Kadena D. Duncan-Lawrence,

The Office of the State Superintendent of Education is requesting nominations for the 2010 District of Columbia Teacher of the Year. This award recognizes and honors the many contributions of our classroom teachers. If you would like to nominate a teacher who has demonstrated outstanding leadership and commitment to student achievement, please complete the attached application and submit it to the OSSE no later than September 30. Self-nominations are acceptable. The winner of the DC Teacher of the Year will be included in the competition for National Teacher of the Year. Submissions may be faxed to 724-7656 or E-mailed to or by the deadline with a hard copy to follow to Attn: Erika Lomax, 51 N Street, NE, 3rd Floor, Washington, DC 20002 no later than October 2.


Vibrant Minds in DC on Twitter
Phil Shapiro,

Wayan Vota is a vibrant mind in DC that I follow on Twitter. See

Follow his Twitter stream at You’ll be rewarded by seeing YouTube videos like this one, too:

People no longer subscribe to magazines. They subscribe to other people.


Conviction Before Trial
Edward Cowan,

It appears that in her post of September 6 on the shooting of Deborah Ann Brown, Dorothy Brizill convicted Devonte Carlton, the bicyclist who allegedly shot Brown, even before he went to trial. Brizill, an energetic reporter who presumably knows about the use of “allegedly,” wrote that Brown was “killed by” Carlton.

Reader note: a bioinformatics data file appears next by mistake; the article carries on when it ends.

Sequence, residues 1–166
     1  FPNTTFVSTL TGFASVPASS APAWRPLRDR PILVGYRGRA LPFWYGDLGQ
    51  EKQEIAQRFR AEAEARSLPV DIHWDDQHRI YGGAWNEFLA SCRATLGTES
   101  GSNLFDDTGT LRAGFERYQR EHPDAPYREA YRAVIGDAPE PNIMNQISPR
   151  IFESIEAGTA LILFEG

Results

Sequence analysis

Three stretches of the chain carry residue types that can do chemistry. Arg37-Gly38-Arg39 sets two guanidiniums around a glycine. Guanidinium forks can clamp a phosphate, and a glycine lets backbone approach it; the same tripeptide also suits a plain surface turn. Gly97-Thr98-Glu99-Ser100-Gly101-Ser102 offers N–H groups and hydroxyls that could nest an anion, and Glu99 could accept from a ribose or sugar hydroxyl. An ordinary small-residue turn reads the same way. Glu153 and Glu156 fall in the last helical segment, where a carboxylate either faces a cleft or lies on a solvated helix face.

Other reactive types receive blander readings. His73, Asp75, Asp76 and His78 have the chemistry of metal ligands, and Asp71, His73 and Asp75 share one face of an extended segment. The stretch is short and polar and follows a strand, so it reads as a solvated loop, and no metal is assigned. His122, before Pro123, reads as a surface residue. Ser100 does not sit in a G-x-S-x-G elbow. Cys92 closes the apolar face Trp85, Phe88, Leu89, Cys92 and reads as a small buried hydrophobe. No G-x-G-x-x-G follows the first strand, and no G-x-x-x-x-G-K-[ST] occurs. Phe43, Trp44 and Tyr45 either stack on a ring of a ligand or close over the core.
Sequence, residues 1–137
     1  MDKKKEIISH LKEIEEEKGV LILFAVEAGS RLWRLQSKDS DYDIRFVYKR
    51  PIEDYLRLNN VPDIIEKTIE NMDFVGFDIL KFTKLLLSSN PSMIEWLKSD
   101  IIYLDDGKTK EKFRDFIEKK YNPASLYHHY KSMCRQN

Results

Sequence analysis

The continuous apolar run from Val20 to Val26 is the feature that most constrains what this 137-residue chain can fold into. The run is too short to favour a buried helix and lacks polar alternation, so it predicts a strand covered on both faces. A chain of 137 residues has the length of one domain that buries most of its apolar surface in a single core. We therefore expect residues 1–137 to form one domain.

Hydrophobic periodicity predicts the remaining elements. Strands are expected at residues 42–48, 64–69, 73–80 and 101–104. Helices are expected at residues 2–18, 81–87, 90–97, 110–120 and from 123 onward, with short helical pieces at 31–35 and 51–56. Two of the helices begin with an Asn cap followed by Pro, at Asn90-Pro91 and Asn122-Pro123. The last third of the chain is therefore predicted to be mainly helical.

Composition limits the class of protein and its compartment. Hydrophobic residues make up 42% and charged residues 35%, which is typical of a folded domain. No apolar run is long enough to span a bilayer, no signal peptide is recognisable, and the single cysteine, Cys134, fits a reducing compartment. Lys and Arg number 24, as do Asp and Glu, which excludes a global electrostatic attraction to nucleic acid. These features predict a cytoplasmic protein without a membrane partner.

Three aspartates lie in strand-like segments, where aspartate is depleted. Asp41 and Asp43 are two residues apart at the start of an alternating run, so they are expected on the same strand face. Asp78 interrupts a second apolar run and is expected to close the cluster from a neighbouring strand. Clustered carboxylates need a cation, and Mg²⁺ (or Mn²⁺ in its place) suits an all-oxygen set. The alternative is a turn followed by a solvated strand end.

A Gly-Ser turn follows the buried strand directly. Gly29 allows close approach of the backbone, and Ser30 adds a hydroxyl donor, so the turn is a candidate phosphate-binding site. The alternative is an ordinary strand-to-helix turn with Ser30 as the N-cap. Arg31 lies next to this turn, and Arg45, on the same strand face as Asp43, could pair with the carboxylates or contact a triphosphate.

Are Brizill and her publisher not interested in due process, especially when a former neighbor of theirs is killed?



Art Salon, September 17
Martha Saccocio,

Join the DC Commission on the Arts and Humanities for Art Salon, a monthly convergence of artists, techies, green-collars, art enthusiasts, bloggers, and educators that are creating the momentum for the new era of art. Art Salon is modeled after the salons of the late nineteenth century to inspire and provoke the minds of the creative community.

This month Art Salon travels East of the River to the Anacostia Art Gallery. Art by Corcoran Artreach, THEARC, Jonathan French, and more. Thursday, September 17, 7:00-9:00 p.m. Each month, we gather at a different location. This month, we invite you to converge at Anacostia Art Gallery, 2806 Bruce Place, SE. Metro: Green Line, Anacostia. Shuttle will pick up at 6:30 from Dupont Circle on Massachusetts Avenue, NW (across from PNC Bank) or 7:00 and 7:30 from Anacostia Metro (Green Line). For more info on shuttle locations and to RSVP, contact